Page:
CES 2012: HP's Autonomy shows possibilities of augmented reality
Sports fans are familiar with the yellow first-down line that appears on the television screen while watching football games, but tech companies now want to bring augmented reality technology to everyday consumers.
Known as AR, augmented reality is a view of a physical, real-world environment that is altered by overlaying the image with digital photos, videos or text.
At the Consumer Electronics Show in Las Vegas on Sunday, Autonomy -- a tech company that was acquired by Hewlett-Packard last year -- was showing off its AR platform, Aurasma. Lauren Offers, director of marketing at Autonomy, held her business card in one hand and used her iPhone's camera to point at the card with her other hand. On the screen of the iPhone, a video of the rep appeared in which she introduced herself. Later, Offers pointed her phone at a physical copy of GQ magazine; that issue's articles and photos began appearing on the smartphone's screen over the live image of the magazine's cover.
With AR technology, a consumer simply uses a camera-equipped smartphone or tablet to point at an object to get information -- aim at a jar of pasta sauce, and recommendations for what kinds of wine to pair it with will appear over the real-life image of the jar; point to a house for sale, and information about its asking price, number of bedrooms and contact info will pop up on the screen.
Aurasma's technology "allows smart devices to see, recognize and understand real-life images and objects in much the same way as the human brain does," the company said in a news release. "Aurasma then uses this fundamental understanding of the real world to seamlessly augment the scene with virtual content such as videos, animations and 3-D objects called 'auras.' No bar codes, visual tags or special glasses are required for Aurasma to work."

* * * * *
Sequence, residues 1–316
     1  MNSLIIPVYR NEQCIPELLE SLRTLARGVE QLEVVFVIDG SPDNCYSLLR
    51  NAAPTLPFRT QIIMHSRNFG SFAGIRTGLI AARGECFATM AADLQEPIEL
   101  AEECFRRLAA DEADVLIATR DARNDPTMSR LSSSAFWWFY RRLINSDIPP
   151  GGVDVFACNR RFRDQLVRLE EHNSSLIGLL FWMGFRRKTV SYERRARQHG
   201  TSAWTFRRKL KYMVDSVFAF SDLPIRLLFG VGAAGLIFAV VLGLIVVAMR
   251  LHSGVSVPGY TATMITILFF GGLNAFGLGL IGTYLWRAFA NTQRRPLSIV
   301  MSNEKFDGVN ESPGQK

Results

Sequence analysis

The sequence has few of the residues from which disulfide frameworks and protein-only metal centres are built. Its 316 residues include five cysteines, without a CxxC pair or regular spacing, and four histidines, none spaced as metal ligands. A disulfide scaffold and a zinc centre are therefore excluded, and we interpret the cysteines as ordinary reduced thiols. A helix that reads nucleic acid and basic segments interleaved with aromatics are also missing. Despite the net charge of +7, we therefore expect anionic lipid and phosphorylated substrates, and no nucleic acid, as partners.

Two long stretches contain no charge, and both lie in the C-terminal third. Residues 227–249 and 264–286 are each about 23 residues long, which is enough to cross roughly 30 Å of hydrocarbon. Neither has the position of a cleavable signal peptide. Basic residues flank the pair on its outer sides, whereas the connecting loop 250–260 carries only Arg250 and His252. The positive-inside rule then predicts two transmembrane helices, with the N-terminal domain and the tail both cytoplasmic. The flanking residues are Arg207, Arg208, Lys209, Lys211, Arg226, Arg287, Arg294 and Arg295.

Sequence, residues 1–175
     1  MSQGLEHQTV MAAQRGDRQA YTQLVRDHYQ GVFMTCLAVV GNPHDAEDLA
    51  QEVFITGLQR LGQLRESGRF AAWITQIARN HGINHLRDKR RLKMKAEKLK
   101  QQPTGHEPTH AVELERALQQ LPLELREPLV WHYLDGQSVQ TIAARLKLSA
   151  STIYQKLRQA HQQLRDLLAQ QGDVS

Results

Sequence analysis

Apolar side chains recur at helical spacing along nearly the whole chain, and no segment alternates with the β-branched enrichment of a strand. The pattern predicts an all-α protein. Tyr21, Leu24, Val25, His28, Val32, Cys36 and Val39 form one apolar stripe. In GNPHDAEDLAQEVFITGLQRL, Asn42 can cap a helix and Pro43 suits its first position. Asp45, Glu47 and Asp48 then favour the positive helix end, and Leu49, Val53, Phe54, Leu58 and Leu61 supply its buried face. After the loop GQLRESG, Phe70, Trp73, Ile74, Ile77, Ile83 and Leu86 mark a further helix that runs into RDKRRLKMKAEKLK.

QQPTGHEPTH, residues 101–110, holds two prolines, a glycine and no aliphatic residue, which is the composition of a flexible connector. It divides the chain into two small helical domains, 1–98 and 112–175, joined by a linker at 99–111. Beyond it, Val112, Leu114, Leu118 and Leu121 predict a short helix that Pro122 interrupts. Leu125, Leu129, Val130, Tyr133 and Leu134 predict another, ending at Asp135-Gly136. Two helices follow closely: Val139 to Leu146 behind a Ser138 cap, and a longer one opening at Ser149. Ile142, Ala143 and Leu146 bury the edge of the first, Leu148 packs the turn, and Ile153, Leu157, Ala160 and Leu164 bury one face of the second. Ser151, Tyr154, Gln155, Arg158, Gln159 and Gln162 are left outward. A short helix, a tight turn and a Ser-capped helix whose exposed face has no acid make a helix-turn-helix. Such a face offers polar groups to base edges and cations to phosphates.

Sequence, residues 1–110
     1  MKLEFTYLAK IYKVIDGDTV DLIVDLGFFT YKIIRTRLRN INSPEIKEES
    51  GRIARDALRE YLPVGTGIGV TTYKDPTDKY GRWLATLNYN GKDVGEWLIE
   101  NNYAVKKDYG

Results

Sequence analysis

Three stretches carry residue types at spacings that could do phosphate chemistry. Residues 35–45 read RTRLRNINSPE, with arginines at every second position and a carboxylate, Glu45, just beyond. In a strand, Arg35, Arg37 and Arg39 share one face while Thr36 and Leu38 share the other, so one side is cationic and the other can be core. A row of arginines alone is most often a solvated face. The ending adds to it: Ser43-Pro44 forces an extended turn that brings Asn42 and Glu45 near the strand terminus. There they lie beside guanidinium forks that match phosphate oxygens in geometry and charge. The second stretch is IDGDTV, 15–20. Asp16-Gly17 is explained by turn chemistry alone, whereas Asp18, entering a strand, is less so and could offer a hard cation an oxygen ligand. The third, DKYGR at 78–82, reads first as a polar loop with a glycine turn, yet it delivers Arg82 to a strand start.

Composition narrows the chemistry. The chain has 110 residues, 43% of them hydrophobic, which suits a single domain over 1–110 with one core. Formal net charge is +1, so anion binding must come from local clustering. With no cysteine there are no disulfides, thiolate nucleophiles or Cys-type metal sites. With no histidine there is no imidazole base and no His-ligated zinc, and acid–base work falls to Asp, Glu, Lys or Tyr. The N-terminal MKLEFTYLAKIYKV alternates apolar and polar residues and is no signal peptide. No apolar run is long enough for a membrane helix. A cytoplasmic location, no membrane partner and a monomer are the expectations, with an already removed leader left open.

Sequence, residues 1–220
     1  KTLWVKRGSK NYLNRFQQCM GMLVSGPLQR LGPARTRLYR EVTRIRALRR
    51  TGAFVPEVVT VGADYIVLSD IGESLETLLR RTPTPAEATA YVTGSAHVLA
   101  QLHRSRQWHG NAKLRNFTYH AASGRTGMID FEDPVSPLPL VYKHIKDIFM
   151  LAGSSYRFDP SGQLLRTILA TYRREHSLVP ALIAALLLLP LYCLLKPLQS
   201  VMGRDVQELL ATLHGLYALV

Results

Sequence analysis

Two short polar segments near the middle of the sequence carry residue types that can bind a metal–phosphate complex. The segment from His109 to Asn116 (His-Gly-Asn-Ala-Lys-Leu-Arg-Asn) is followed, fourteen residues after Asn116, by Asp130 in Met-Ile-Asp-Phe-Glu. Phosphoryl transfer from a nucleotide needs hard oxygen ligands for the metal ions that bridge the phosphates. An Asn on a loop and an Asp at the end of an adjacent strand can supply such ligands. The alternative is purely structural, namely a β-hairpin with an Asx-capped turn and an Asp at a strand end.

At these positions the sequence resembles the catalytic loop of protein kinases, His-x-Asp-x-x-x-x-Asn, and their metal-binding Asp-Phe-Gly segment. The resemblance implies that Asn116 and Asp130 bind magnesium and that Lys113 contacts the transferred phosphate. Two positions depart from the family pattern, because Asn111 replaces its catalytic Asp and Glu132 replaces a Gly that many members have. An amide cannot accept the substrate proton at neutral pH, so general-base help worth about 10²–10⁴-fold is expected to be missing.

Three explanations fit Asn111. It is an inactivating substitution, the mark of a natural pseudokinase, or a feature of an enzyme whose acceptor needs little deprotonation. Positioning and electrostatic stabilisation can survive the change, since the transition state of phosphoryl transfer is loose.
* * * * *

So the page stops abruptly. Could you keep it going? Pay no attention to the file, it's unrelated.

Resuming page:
Autonomy has already tagged thousands of buildings in London with AR technology. If you're standing outside Buckingham Palace and point your smart device at it, for instance, dinosaurs will appear to come out of the building. The company has also tagged everyday items such as a $20 bill -- point your phone or tablet at the image of the White House on the back and its elements will come to life: the building appears to turn white, the little flag grows in size, the numbers wiggle and appear to float.
"It's changing the way we access information," said Tamara Roukaerts, head of marketing for Aurasma. "You blend off-line and online: this is the beginning of the outernet; it's actually woven into the real world. And that's how you want your information."
In a recent Times article, my colleague Shan Li wrote that about 6 million AR apps were downloaded in 2010, according to ABI Research -- still a small fraction of the overall app market. But the number is projected to increase to 19 million downloads in 2011 and balloon to nearly a billion by 2016. The firm forecasts the mobile AR industry will see $3 billion in global revenue by 2016, up from $87 million this year and $21 million in 2010.
More than 2 million users have downloaded Aurasma and Aurasma-enabled apps since its launch six months ago. The Aurasma app is available for free on the iPhone3GS, 4, 4S, iPad2 and Android devices.
Aurasma will be competing in the final of the CES Mobile Apps Showdown at the Wynn on Thursday.
-- Andrea Chang in Las Vegas